The future and infrastructure.

Welcome to another edition of Topical Thursday: today’s post is focused on the value of infrastructure on a country’s growth and development.

Infrastructure refers to the ​basic ​systems and ​services, e.g ​transport and ​power ​supply, that a ​country or ​organization needs to ​work ​effectively and efficiently. It has been identified as a major determinant of economic growth, competitiveness and general social well-being. It also plays a pivotal role in the presence or absence of foreign investment.  Thus it can be inferred that how much a country invests into the building and management of its infrastructure will determine its relevance on the global scene. Every government must make a decision on how to invest, where to invest and when to invest in infrastructure whilst ensuring to meet the social benefits of its citizens.

Infrastructural development is hampered by political cycles (short/interrupted or unstable cycles does not enable the continuity and management of infrastructure), short-term investment plans, poor financing structures and inappropriate risk assessment frameworks. These factors are easily exacerbated by corruption especially in third world countries such as Nigeria. Infrastructure decays very rapidly making it easy to fall behind with documentation and maintenance. A classical example of how poor management of infrastructure can hamper growth is demonstrated by the huge number of incomplete or deteriorating structures in Nigeria. Structures built in the past that have been left to fall apart rather than preserved as national heritage sites and new structures they are ill managed, run down. Both the old and the new structures end up becoming funding sink holes as no plans existed to ensure continuity or validate necessity.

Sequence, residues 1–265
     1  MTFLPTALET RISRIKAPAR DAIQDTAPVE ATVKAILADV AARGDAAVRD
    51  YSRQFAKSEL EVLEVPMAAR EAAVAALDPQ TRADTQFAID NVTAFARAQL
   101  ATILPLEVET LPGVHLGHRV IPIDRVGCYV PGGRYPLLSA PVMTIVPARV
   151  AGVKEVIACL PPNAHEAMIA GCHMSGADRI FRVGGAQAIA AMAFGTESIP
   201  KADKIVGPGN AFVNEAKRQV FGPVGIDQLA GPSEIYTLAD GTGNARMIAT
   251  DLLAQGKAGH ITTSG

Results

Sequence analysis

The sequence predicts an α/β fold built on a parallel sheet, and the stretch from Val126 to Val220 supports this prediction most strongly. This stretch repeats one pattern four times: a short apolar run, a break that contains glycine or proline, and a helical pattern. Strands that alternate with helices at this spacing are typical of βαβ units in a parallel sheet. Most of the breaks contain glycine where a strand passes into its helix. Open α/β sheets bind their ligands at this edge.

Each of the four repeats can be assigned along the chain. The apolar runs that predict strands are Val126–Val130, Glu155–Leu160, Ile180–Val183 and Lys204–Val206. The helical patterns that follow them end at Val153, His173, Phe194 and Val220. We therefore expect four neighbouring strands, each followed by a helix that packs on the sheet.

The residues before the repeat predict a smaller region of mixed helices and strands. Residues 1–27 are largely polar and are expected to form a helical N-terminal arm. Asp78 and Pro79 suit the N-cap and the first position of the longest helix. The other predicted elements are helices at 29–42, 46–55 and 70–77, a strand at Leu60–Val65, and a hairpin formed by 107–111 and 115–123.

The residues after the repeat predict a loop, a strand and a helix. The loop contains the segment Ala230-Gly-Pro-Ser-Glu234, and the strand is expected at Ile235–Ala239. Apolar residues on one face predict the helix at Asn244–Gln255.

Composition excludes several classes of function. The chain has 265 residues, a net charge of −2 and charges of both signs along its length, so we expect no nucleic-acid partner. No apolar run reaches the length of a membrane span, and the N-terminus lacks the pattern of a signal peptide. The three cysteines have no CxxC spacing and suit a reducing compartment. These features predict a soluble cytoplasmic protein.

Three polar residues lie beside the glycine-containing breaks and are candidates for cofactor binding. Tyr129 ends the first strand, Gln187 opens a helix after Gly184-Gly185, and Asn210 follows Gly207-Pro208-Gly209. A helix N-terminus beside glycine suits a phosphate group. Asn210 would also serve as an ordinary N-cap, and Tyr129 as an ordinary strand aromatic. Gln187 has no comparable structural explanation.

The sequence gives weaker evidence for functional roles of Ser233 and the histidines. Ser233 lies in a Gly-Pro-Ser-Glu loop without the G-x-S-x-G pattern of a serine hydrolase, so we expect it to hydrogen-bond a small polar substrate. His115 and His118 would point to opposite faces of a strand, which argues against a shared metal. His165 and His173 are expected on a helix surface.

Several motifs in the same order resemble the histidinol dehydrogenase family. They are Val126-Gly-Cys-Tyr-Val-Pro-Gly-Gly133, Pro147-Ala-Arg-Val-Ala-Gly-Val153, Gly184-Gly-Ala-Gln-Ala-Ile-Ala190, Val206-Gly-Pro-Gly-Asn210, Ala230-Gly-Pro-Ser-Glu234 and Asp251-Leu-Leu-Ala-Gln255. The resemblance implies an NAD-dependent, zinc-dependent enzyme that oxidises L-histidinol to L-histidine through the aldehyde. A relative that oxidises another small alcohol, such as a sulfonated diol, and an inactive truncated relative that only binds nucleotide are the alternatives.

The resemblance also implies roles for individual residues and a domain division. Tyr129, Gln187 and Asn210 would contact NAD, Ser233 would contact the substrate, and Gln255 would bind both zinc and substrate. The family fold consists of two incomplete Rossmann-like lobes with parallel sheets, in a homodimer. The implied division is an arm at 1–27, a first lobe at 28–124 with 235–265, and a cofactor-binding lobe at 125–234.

For a country to optimally explore it’s infrastructural potential the commitment of the government, private sector and institutions such as the World Bank Group cannot be overemphasised. The government must learn to manage risk better,  increase its transparency and formulate effective regulation and policies to guide all parties involved. The above pictures are of a car park in London, the build has been standing for many years and has undergone several modifications before it got to its present form. Its several modification  is testament to a good foundation and structure, from the pictures one can tell it’s old, but well maintained all the same.

Our government must start to think ahead, the days of doggy deals and half baked structures should be put behind us if we are to ever stand a chance in the global community. We need better transportation, better power supply (alternative sources exist e.g. wind farms, solar energy e.t.c.), health care has to be improved just to name a few. These things are not a luxury, they are the bare minimum that a government should be expected to deliver for it’s citizens. And they should not be sporadic occurrences happening like specks of dust across the nation,NO. I am talking of a widespread federal government backed agenda to integrate these changes across the country. They can start with good transportation, a very essential too for many rural and urban business based citizens. I can’t begin to explain the impact poor transportation has had and is still having on commuters health and security, take a lot at the famous Benin-ore road and my point is clarified. Why is it so hard for the government to grasp this need?

Information source:

Click to access WEF_GCP_Long_Term_Investment_pager.pdf

2 thoughts on “The future and infrastructure.

  1. Hey friend! How have you been? I almost concluded you visited home until I saw the links*smile*
    I wish leaders had access to reading your post it will give them something to think about.
    I love your heart,gal!
    How your your baby? Hugs and Kisses from South Africa.
    PS You were meant to click “Continue Reading” to go over to the blog but here is the permalink to her blog

    Liked by 1 person

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